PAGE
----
It is Sunday evening, and I am enjoying my last hours in Limerick: I am sitting in my dorm room, composing this blog entry, with a box of Maltesers to my right and some music on in the background; after the last days, I really need some rest.
I don’t know what is is with conferences in Ireland, but I always end up meeting the nicest people ever: This time, I sat down across a lady texting during the first coffee break on Thursday; she looked up from her phone, stared at me, and simply said, “You forgot the biscuits!” Five minutes later, Jen and I were joined by her friend Kate, and the three of us hit it off straight away. We all went to the conference barbecue in the evening, where we shared a table (and the same sense of humour) with Anca, one of the conference organisers. Anca was keen on setting me up with the mysterious Jason, apparently a tour guide here in Limerick who specialises in “underground tours”; I spare you the innuendos we came up with, but that tour was not the only thing down in the gutter.
When Jen talked about her research on the Magdalene Laundries, we even created a musical about the topic on the spot – setting up scenes, developing characters, composing (and singing!) songs together: Jen as the evil head nun, clad in a white fur and nothing else, stroking a cat nestled in her arms (again, the innuendo…); I was to be Mother Hen (to which I queried whether “Mother Hun” wouldn’t be more appropriate), while Kate hoped to score the role of the main protagonist – “Think Annie, but sponsored by Daz!” We talked and laughed until way after midnight (the other conference delegates had long gone by then); Jen and Kate even went on to a club, but I decided to walk home at about 2 am, as I still needed to work on my presentation, which I did until 3.30 am.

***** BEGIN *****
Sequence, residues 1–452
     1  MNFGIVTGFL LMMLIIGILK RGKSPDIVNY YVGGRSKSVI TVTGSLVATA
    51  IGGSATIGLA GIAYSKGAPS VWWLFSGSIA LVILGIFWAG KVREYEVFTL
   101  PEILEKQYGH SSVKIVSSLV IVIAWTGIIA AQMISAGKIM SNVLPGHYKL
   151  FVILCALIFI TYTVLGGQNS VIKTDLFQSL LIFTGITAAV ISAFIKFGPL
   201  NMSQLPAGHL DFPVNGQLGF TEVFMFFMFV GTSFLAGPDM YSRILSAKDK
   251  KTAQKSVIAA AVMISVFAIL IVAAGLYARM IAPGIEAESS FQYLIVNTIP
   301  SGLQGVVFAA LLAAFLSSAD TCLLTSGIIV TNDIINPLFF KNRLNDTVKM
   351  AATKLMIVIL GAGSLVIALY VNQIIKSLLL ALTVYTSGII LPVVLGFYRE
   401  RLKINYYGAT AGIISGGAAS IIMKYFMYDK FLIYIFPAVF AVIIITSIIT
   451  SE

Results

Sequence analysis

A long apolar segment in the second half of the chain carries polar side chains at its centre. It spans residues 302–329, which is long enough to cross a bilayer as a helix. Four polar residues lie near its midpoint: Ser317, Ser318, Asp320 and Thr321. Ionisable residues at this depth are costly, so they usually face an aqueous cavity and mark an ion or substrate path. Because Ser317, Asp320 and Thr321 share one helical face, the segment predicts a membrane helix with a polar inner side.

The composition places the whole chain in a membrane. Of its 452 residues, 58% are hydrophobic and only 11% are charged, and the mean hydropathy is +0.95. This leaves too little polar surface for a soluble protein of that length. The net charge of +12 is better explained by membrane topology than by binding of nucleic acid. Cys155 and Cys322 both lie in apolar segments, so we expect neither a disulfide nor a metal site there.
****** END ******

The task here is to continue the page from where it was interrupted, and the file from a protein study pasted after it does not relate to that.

Even though I had basically redesigned the whole presentation that night, it went thankfully quite well; there was a fruitful discussion afterwards which gave me some new ideas for the structure of my thesis. One of the discussants came up to me later to state that she not only enjoyed the topic, but also my presentation style; when I joked that giving lectures certainly helps you getting more relaxed with audiences, she said, “Oh, I am sure your students absolutely love your way of lecturing!” Awww.
The conference ended with a big dinner in one of the local pubs; over several pints of tab water, Anca and I discussed new double degrees for our universities, our love lives, and the obstacles women in academia sometimes experience (neither of which are related, by the way). I also chatted to several other conference delegates; the Irish ones in particular were keen on figuring out where my accent was from, as I apparently sound like a Scottish Australian who lives on the US East Coast. Just like Jen and Kate the evening before, they were convinced I must have had some Irish ancestors; as Stephen pointed out, “You gel really well with us – you have the same sense of humour, the same cheerfulness, that sincerity, … I mean, you even look Irish!” It seems that having fair skin, blue-green eyes and auburn hair makes you quintessential Irish; at the end of that night, Aisling solemnly declared that “we have adopted you now, Tinks – you are one of us!”